My Feminism May Be Bullshit, But I No Longer Identify As Intersectional

"My feminism will be intersectional or it will be bullshit".

I first came across this sentiment at a feminist conference a few years ago. I confess the concept of intersectionality was new to me, so I looked into it, and of course it made sense; recognising that forms of oppression - racism, sexism, homophobia, ableism and so on - are interconnected and cannot be separated. Feminists need to consider the effects of race and class in their discussions. Sounds good. I firmly embraced the concept, slapped respect on it, and brandished it when I sent my feminism out into the world.

 In the last few weeks, I've been rethinking that position.

A Twitter hashtag, #reclaimingintersectionality, started trending. I didn't pay it much mind as I've long learned not to get into feminist arguments on Twitter - 140 characters doesn't leave much room for nuance - but I soon noticed tweets by women of colour in my twitter feed debating the issue, pointing out the term intersectionality was coined by a black woman, and had no business being appropriated by white women. That's fine, but where I took issue was the expressed sentiment by one or two people that white women are privileged, period; they have no place in feminism as they don't understand oppression. Well, everyone is entitled to their views and it's not my place to argue. I wouldn't care, but today I saw those same people in my Twitter feed, expressing their outrage at several recent cases of men killing their children to get revenge on their ex-partners, and horror following the sentencing of Simon Gittany for throwing his fiancee Lisa Harum off a balcony. Solidarity had returned, it seemed; feminists need to unite to overcome violence against women, and their kids.

Look, there are many many ways to be a feminist. To be a feminist, you need to acknowledge some shared concept that due to millenia of patriarchy and laws, women are in a less privileged position than men. All women. If you don't think that includes able bodied, cis-gendered white women, why call yourself a feminist at all? Focus on the fight for social justice as it affects your disenfranchised group, not as it applies to all women. White women are in a position of privilege, compared to women of colour. Does that privilege extend to being able to fix all the problems but refusing to as we can't recognise that privilege? No, hardly. And no one is privileged when they're being beaten by a partner or trying to shield their children. Some women may have more ready access to funds that will allow them to leave, women's refuges and support services may fail to offer adequate support to women of colour, disabled women, homosexual women, there may be poor support in rural and remote areas - and all that needs to be examined. All that requires an intersectional response.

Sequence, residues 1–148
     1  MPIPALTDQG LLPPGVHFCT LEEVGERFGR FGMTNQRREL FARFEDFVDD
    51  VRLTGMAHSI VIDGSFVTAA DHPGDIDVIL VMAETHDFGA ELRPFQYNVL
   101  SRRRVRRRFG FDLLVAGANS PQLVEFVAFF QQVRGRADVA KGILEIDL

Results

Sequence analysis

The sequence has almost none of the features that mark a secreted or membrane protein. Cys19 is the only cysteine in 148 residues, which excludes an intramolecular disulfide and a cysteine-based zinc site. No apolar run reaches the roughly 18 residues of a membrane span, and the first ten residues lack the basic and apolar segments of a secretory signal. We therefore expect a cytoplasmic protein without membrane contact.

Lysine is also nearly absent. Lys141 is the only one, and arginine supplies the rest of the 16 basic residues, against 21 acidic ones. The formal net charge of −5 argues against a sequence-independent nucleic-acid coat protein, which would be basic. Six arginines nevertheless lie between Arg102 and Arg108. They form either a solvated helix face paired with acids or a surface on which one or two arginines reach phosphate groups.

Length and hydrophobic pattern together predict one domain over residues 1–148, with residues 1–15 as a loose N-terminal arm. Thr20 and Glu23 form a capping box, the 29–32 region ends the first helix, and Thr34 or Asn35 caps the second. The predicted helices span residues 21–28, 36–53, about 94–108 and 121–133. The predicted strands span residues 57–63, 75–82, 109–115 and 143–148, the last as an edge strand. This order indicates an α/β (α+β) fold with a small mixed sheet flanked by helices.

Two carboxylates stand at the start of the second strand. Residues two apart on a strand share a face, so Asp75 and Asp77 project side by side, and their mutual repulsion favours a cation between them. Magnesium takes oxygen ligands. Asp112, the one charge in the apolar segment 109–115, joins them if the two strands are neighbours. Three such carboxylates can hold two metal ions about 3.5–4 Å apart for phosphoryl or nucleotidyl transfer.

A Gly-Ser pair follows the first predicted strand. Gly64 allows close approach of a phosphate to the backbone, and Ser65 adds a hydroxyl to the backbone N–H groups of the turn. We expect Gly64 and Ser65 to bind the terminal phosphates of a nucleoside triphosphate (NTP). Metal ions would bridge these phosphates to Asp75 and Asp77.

But we need to work on stopping the violence in the first place. Some issues are simply universal. If we are to have a feminism that means anything, we need to acknowledge there are issues that affect us all.

"Mainstream" feminism is often criticised for focusing on the nuances, on issues that affect privileged women only. But it seems absurd to argue that feminism is alienating to women because of it's focus on issues that only affect a handful of women, such as unequal representation at senior management level - then to focus on issues that only affect a handful of women, such as whether preoperative M2F transsexuals should be held in male or female jails. Yes the former group is privileged and the latter isn't, but neither issue is exactly focused on making a difference in the everyday lives of women. It seems a feminist conference can't take place without being roundly criticised for failing to devote sufficient time to one special needs group or another - until the umbrella concept of "feminism" is so dissolved as to be meaningless. Well, we need to focus on the universal. Women and their kids are dying whilst we debate whether all cis-gendered panels are discriminatory.

What are these universal feminist issues? Well I'd say, at a national level, stopping violence against women, access to quality reproductive health and the information to make informed choices about our health, and addressing inequalities in income and the superannuation system (and no, this isn't just a matter of privilege...the end point of this disparity is that women find themselves in poverty at a far higher rate than men).

So I no longer identify as an intersectional feminist. Women of colour don't need me to speak up for them on their issues - they're quite able to do that themselves without well meaning whiteys speaking for them. I still have an awareness of the importance of intersectionality - but I'm not going to follow these debates any more. I'm going to focus on the areas I identified where I hope I can help. My feminism will be useful, even if it is bullshit.

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